There may be more students in traditional classrooms this go-round, but not much else has changed in Limestone County Schools' plan for the second half of the 2020-2021 school year.
Visitation to schools and field trips away from campus are still strictly limited, and facial coverings and social distancing will still be required. Superintendent Randy Shearouse said they'll continue to evaluate throughout the year based on the latest data available for Limestone County, but so far, everything seems on track for a successful start to the spring semester.
"It's important, especially as we start the second semester, that we don't need to quarantine as many as we have in the past," Shearouse said, adding it's possible as long as everyone is following the rules for social distancing and close contact.
Perhaps the biggest hurdle still facing the county schools is staffing. There were two school shutdowns during the fall semester, with a systemwide shutdown announced days before the winter break was set to begin, and in each case, not having enough substitute employees played a major role.
"Can you man every classroom? Can you man the lunchrooms? But as of right now, it appears we're ready to go on Wednesday," Shearouse said.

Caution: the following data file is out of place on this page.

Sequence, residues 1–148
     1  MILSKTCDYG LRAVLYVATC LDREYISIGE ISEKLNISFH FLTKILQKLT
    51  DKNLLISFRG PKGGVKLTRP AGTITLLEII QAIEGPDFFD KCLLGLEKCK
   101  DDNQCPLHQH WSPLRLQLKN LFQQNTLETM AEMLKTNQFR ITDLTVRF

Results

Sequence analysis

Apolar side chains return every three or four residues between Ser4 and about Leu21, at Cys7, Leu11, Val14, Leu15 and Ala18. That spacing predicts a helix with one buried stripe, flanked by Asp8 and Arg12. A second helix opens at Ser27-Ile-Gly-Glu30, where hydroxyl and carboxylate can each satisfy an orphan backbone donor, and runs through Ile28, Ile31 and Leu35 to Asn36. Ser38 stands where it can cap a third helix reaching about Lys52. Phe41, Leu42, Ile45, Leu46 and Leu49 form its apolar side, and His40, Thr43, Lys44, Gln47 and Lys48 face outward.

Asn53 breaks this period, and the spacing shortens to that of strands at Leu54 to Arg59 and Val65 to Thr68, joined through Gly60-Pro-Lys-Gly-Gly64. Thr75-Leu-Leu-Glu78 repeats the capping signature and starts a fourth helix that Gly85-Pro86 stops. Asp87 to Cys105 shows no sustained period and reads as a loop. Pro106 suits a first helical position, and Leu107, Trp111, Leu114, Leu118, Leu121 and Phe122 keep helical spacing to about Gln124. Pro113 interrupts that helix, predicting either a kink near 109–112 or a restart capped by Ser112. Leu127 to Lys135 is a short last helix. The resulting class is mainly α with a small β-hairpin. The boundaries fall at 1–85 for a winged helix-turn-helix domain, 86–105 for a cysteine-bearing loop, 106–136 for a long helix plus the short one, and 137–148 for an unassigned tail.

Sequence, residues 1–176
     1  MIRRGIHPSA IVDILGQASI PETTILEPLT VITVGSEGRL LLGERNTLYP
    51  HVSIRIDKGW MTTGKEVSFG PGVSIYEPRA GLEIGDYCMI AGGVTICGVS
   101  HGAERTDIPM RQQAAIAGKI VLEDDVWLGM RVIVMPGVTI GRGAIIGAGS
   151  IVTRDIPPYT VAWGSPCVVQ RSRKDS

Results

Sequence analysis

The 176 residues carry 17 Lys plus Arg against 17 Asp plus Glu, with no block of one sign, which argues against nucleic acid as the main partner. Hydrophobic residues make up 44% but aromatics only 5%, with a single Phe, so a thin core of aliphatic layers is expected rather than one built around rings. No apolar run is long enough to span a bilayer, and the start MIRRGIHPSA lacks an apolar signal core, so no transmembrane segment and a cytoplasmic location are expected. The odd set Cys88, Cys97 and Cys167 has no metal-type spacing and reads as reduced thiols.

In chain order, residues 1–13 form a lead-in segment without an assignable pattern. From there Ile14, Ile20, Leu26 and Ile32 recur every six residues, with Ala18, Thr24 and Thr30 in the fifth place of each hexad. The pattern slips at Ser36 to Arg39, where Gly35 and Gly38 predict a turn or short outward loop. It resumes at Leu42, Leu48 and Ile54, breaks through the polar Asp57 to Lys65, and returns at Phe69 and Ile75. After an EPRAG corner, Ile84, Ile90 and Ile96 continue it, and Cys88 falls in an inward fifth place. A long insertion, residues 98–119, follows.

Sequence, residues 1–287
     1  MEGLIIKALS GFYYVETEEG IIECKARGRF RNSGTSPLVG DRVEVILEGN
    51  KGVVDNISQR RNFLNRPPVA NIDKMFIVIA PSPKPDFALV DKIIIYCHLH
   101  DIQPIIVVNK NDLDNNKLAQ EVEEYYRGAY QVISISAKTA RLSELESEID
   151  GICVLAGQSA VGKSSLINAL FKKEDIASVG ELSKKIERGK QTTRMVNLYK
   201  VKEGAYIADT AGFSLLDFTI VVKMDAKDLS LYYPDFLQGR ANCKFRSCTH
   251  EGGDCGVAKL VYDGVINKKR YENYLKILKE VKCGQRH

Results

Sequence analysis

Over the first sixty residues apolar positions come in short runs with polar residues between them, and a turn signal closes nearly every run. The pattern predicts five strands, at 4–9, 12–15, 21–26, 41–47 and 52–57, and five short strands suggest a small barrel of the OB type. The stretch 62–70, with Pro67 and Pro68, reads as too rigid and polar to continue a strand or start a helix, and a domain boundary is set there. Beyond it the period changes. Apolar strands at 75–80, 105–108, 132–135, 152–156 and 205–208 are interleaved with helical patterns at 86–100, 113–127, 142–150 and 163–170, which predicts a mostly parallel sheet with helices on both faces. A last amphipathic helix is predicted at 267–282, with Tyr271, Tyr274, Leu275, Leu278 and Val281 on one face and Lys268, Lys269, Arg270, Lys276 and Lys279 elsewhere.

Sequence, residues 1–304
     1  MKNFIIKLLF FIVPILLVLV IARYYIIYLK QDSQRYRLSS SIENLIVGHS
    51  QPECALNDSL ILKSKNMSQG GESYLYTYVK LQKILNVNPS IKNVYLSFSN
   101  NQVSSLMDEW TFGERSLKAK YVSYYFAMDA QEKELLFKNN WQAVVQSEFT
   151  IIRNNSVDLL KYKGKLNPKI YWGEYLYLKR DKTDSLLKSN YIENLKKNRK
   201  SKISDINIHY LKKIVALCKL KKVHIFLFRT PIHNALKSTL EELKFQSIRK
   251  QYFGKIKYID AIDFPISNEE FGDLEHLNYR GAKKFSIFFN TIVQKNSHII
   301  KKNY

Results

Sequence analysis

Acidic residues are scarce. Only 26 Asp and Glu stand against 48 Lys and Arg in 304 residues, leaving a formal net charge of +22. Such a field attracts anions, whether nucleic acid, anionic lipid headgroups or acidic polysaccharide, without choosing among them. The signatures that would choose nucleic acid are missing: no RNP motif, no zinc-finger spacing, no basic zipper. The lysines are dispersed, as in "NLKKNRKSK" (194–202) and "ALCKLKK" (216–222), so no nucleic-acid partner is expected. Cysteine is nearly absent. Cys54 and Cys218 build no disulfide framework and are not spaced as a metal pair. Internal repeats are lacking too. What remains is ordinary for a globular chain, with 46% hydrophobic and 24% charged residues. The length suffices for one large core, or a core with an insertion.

LCS was able to bring some of its virtual teachers back to traditional teaching once it became clear a large number of virtual elementary students would also be returning to the classroom. Shearouse said this will help them maintain social distancing despite the increase in students.
LCS is expecting more CARES Act funding, too, which will help cover the costs of protecting and educating students as the pandemic continues.
"We don't know an amount at this point, but we know we will receive some additional funding that can help with cleaning supplies, technology, any costs we've incurred along the way," he said. "We're looking forward to seeing what resources they're going to make available to us so we can improve not just our virtual programs but face-to-face instruction and technology in schools."
Virtual learning proved somewhat of a challenge at the start of the 2020-2021 school year, but he said time has helped smooth out many of the bumps in the road. However, he remains hopeful that by the time the 2021-2022 school year rolls around, even fewer students will need the option.
"I don't think anything can take the place of traditional instruction with a qualified teacher," he said.